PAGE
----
Two F-15Cs from the 142nd Fighter Wing from the Portland Air National Guard Base in Oregon were scrambled on Friday evening after a "suicidal" airline employee absconded in a Bombardier Q-400 twin-turboprop airliner out of Seattle International Airport before crashing the aircraft on a small island.
North American Aerospace Defense Command deployed the two F-15Cs after the aircraft was spotted by bystanders “doing stunts in air or lack of flying skills" over outlying Seattle neighborhoods, according to local law enforcement.
Military Times reports that NORAD directed the pilots to "fly supersonic to expedite the intercept ... while air traffic control tried to talk the pilot into landing the plane at nearby Joint Base Lewis McChord."
“NORAD fighters were working to redirect the aircraft out over the Pacific Ocean when it crashed on the southern tip of Ketron Island in the southern end of Puget Sound,” NORAD said in a statement. “NORAD fighters did not fire upon the aircraft. The event was subsequently passed to local rescue and law enforcement.”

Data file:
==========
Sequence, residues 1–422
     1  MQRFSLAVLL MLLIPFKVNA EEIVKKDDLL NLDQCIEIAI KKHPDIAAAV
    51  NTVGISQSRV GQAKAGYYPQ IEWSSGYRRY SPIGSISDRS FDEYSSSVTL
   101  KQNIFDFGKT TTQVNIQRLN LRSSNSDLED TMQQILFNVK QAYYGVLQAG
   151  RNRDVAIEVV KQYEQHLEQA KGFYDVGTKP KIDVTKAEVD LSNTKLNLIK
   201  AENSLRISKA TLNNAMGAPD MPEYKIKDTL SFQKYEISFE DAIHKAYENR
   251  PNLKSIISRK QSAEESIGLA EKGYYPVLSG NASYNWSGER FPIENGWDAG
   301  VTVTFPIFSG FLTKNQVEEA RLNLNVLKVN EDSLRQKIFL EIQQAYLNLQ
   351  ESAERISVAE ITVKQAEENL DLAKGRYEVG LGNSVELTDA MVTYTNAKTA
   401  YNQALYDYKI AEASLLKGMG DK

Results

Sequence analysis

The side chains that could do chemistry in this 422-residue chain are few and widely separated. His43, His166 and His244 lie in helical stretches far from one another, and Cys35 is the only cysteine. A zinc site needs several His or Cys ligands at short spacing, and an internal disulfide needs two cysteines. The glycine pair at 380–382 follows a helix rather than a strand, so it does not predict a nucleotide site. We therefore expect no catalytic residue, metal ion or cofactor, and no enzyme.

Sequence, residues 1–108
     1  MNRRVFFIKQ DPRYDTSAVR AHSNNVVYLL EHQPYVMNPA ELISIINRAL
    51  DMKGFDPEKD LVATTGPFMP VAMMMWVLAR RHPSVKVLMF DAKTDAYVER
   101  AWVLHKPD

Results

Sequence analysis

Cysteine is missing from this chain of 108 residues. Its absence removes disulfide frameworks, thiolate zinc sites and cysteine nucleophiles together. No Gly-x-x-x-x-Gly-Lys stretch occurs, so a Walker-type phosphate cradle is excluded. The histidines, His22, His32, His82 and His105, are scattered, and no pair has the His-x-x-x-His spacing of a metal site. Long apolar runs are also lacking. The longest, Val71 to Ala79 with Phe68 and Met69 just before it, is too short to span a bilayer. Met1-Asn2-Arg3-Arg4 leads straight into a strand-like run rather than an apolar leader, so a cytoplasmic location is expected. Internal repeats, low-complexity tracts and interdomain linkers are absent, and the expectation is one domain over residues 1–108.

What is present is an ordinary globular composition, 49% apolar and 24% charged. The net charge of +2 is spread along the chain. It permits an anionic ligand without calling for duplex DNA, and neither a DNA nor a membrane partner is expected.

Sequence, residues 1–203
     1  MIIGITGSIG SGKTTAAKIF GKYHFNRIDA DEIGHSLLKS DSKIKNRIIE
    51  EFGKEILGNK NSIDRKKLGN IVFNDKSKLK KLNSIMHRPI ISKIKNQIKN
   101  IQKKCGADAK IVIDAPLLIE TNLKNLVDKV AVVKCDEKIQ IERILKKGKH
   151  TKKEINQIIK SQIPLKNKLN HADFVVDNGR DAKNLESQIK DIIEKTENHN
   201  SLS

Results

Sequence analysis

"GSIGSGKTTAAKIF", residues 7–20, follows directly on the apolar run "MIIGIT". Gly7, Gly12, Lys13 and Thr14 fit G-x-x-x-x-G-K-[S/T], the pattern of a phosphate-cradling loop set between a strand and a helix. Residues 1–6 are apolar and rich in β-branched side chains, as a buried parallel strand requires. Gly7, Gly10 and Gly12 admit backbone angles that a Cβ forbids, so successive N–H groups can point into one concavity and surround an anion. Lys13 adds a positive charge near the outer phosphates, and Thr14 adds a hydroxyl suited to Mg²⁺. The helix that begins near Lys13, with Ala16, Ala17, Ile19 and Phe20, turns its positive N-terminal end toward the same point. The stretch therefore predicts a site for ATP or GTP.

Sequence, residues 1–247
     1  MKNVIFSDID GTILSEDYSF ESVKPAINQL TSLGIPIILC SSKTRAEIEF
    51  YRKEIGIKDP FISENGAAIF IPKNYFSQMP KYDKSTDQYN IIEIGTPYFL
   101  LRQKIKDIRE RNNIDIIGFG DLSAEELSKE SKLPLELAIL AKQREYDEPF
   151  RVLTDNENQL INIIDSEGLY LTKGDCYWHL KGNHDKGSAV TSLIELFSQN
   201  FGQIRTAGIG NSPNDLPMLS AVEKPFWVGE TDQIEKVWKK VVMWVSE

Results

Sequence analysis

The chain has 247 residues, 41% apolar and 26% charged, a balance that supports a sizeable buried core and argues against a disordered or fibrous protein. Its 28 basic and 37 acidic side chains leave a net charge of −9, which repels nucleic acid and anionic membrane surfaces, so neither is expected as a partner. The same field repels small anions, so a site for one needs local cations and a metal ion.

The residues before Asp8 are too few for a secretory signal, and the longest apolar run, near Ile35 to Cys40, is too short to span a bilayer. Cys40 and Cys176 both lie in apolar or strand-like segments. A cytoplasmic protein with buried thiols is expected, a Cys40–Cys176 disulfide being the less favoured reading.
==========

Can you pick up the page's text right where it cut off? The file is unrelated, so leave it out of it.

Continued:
The pilot, identified by local law enforcement as a 29-year-old ground service agent for Alaska Airlines sister carrier Horizon Air identified only as "Rich," sent several distraught transmissions while piloting the aircraft over open frequencies.
“I’ve got a lot of people that care about me," the pilot says. "It’s going to disappoint them to hear that I did this...Just a broken guy, got a few screws loose, I guess.”
Pressed to land at Joint Base Lewis McChord, the pilot nervously joked about the fighter jets chasing his aircraft “They probably got anti-aircraft!” When asked about previous flight experience that, he responded that he'd “played some video games before."
The aircraft eventually crashed into a small island off the coast of the Puget Sound, sending a plume of fire and smoke into the air and prompting the Coast Guard to deploy a vessel to the scene of the crash, Petty Officer Ali Flockerzi told the Associated Press on Saturday.
The status of the pilot following the crash is currently unknown.